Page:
Would the Nazis have still come to power in Germany *without* a prior Bolshevik Revolution in Russia?

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Would the Nazis have still come to power in Germany *without* a prior Bolshevik Revolution in Russia?

Post by Futurist » 07 Feb 2016 22:22

Such as if Lenin and Trotsky would have been killed in two separate accidents back in 1916, which in turn would have ensured that there wouldn't have been a Bolshevik Revolution in Russia.

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Re: Would the Nazis have still come to power in Germany *without* a prior Bolshevik Revolution in Russia?

Post by wm » 07 Feb 2016 23:18

Without the revolution Poland couldn't be reconstituted in any meaningful way and Germany wouldn't lose any Eastern territories - this means less angst among the Germans, and less opportunities for the Nazis.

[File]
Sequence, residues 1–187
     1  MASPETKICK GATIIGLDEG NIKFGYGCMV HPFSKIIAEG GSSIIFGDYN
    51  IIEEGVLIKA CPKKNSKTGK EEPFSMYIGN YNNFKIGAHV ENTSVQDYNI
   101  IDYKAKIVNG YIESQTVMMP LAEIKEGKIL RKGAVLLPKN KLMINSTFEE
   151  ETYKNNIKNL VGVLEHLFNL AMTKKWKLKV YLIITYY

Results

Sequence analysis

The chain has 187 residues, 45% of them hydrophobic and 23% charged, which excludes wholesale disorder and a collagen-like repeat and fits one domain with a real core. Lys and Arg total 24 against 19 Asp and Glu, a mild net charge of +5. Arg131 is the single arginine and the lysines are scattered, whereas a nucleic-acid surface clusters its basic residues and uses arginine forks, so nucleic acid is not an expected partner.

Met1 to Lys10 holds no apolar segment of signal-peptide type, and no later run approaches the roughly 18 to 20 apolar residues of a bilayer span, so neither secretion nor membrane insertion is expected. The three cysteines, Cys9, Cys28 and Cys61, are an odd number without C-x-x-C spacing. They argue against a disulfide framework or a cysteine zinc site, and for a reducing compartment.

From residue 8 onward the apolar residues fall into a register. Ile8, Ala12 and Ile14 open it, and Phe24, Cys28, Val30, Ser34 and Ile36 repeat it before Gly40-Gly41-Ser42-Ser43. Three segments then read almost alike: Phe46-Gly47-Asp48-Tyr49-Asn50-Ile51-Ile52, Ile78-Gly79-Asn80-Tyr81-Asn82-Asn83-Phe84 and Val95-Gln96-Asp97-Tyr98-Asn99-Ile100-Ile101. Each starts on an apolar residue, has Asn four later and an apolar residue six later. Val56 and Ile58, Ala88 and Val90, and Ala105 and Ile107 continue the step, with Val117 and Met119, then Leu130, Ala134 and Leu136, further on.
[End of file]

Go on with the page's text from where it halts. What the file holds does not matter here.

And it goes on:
As the Russian Provisional Government wouldn't surrender to the Germans as the Soviets did, the German defeat would be more rapid and more convincing making the stab-in-the-back myth much less believable.

Post-war Russia would be a part of the global economy, contributing to its stability - the Great Depression would be less likely.
In Russia, economic opportunities for Western investors would be enormous, maybe leading to a global economic boom and the Great Depression wouldn't have happened at all - this would be very bad news for the Nazis.

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Re: Would the Nazis have still come to power in Germany *without* a prior Bolshevik Revolution in Russia?

Post by Sheldrake » 08 Feb 2016 00:40

Hmm.